9 Graphic Designer Tips on How to Get Pinterest Traffic

9 Graphic Designer Tips on How to Get Pinterest Traffic

Want to get Pinterest traffic to your site?

You bet!

Pinterest drives more referral traffic than Google+, LinkedIn and YouTube combined.

You need to get in on the Pinterest traffic love!

As a graphic design expert, I’ve compiled my 9 best design tips to get you started creating pinnable Pinterest pictures. At the end of this post, I’ve linked more in-depth Pinterest posts, as well as a pinboard that’s full of Pinterest tips, posts, and infographics!


Pinterest Basics

Pinterest is a virtual bulletin board – “pinners” find images they like for ideas and inspiration, and pin them to their “boards.” They can refer back to these images endlessly.

And it’s also a great bookmarking site!

The URL where the image was originally “pinned” stays with the image, through pins and repins. The big excitement about Pinterest for business is that the links point back to the original post, and can entice visitors to see what else your site has to say on a subject that already interests them.

9 Graphic Designer Tips on How to Get Pinterest Traffic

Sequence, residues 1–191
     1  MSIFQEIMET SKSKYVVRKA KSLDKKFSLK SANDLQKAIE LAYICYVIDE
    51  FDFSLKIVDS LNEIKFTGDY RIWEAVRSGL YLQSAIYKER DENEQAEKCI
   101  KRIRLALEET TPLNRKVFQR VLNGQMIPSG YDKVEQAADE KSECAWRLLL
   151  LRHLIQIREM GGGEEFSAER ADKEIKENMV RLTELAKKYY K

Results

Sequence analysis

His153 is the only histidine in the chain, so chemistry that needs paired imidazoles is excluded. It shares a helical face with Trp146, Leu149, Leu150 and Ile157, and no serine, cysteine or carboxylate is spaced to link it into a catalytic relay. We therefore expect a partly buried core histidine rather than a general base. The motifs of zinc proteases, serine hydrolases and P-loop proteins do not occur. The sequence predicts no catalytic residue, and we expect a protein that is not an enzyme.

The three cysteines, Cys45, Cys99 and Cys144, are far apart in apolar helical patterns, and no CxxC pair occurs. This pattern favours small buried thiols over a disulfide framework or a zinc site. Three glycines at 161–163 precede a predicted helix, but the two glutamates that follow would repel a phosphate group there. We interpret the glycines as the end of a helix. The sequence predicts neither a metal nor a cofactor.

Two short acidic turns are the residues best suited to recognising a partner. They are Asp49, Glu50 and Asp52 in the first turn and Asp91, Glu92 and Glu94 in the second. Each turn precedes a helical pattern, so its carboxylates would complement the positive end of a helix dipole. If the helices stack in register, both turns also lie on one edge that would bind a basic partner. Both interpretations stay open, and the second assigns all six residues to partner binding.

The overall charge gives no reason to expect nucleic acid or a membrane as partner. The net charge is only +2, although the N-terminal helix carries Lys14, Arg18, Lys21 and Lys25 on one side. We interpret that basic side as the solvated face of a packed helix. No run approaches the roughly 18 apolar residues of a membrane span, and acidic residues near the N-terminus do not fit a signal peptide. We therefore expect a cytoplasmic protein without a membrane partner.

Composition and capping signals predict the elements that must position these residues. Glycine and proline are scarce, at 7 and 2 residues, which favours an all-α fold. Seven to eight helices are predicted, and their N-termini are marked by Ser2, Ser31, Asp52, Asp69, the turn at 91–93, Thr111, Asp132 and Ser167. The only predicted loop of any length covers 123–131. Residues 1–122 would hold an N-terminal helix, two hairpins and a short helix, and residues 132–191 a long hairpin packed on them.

9 Graphic Designer Tips on How to Get Pinterest Traffic: Inspirational quotesHere are 9 ideas I use to get Pinterest traffic:

  1. Consider what’s shareable. I’ve found that inspirational or humorous graphics get shared like wildfire. So I started a series called Inpyrz™ to get in on that action (shown right). Think about what might get shared in your niche.
  2. Use great images. I don’t see a strong correlation between great and so-so images for getting “repinned,” but –  just in case your pin goes viral – do you really want a ho-hum photo associated with your website, and brand?
  3. Credit your source – and yourself. If you use free images, be sure to credit the artist per the source’s requirements. I started out by doing this in the caption, which looked clunky and seemed to discourage repins. Now I’m taking a minute to add a credit line, as well as my website, as a “watermark” in the image. This way, if someone does (wrongly) repost the image on their own blog or elsewhere, the credit is still on it.